The Cottage Garden
Bumping alongside the evolution of the country garden was the cottage garden which you could think of as the more haphazard, although not necessarily poorer, relation. Cottage gardens don’t lend themselves so readily to the clean lines and formality of smart Edwardian town houses but are best associated with more haphazard architecture. Generally smaller in size they are also more informal or even light hearted and rather than having neatly clipped hedges, are more likely to have a single yew bush clipped into the shape of a hen or a dog for example. Colour schemes are generally less contrived and controlled and although not unkempt they manage to look natural.
Lots of the perennials grown at the time have been superseded by better more reliable varieties, which generally flower for longer but they are all still familiar to us: lupin, delphinium, honesty, columbine and pinks to name just a few. But these gardens aren’t about specific varieties; they are about the mood so as long as a plant fits the style then it is ok.
Think of the quintessential rambling rose growing over the door. A hundred years ago this would have been a variety that flowered for just a few weeks and got covered in mildew. Now plant breeders have blessed us with repeat flowering, disease resistant plants in all shapes and sizes which means our gardens flower for much longer and that despite enormous horticultural advancement the actual look of our gardens has barely changed.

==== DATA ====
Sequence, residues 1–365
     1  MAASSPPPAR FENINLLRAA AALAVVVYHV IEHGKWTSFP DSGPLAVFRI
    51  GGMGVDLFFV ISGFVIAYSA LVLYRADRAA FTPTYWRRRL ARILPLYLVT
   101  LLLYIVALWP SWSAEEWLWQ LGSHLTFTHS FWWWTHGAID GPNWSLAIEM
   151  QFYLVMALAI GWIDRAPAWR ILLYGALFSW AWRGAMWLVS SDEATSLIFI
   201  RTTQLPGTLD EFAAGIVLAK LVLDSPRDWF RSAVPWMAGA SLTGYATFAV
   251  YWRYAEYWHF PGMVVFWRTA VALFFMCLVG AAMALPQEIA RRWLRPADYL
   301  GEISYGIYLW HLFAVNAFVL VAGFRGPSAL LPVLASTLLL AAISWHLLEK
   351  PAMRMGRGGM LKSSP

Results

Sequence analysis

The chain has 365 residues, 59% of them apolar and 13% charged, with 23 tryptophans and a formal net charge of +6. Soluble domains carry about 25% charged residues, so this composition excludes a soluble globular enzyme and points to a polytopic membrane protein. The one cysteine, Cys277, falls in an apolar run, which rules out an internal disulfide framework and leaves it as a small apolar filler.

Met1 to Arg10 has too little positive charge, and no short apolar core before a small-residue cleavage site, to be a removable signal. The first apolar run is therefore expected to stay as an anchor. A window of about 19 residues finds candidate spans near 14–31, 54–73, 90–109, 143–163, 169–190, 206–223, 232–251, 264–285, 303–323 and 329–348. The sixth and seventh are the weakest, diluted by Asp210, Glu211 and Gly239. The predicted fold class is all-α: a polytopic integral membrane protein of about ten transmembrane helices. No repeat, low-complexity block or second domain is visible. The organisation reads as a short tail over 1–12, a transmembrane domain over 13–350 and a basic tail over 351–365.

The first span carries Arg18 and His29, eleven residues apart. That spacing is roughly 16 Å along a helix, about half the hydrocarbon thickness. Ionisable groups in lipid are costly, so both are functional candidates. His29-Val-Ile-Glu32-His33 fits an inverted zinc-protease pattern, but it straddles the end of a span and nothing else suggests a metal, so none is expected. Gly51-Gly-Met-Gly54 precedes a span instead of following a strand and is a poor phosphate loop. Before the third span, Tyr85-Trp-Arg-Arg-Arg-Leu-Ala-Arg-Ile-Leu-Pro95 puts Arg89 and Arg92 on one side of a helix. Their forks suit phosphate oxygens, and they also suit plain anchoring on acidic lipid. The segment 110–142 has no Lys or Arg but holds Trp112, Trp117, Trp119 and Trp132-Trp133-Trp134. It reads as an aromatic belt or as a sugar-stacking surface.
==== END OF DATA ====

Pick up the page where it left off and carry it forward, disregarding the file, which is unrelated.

Plants to choose for an early Twentieth Century garden
A number of trees perfect for small and medium gardens were introduced in this time. Acer griseum, the paper bark maple with its gorgeous chestnut red peeling bark and Davidia involucrata, the pocket handkerchief tree with delicate with papery bracts remain very popular as do some of the larger magnolias. Blossom trees, particularly cherries, crab apples and hawthorn all suit the style perfectly.
Mixed borders of shrubs and perennials became popular and have become the norm in modern gardens because they are easier to maintain than pure herbaceous borders. Shrubs include Philadelphus, Buddleja alternifolia lilac and Viburnum farreri with its scented flowers.
Shrub roses also became popular and because they are low maintenance and fairly disease resistant they still have a place in our gardens. One of the most popular introductions of the time was Rosa ‘Roseraie de L’Hay’ with its pinky purple flowers
Old fashioned perennials
Aquilegia, cottage garden pinks, sweet peas, Centaurea, Phlox, Artemisia, Echinops, Dahlia and Gypsophila can all be used in quite contemporary gardens, but grouped together they all scream cottage or country gardens.
There are many perennials popular now, which weren’t available in the early twentieth century, but because they suit the atmosphere of the gardens and the architectural style they fit in perfectly. They include hardy geraniums which are now essential ground covers in so many of our gardens, bergenias, euphorbias, hellebores and hostas
All types of clematis, honeysuckle, and climbing and rambling roses are typical of this era of gardening.
[This post is provided by Andy’s friend and colleague, Mike James. Mike is a freelance writer based in the UK and a content representative for multiple award-winning garden designer Andy Sturgeon]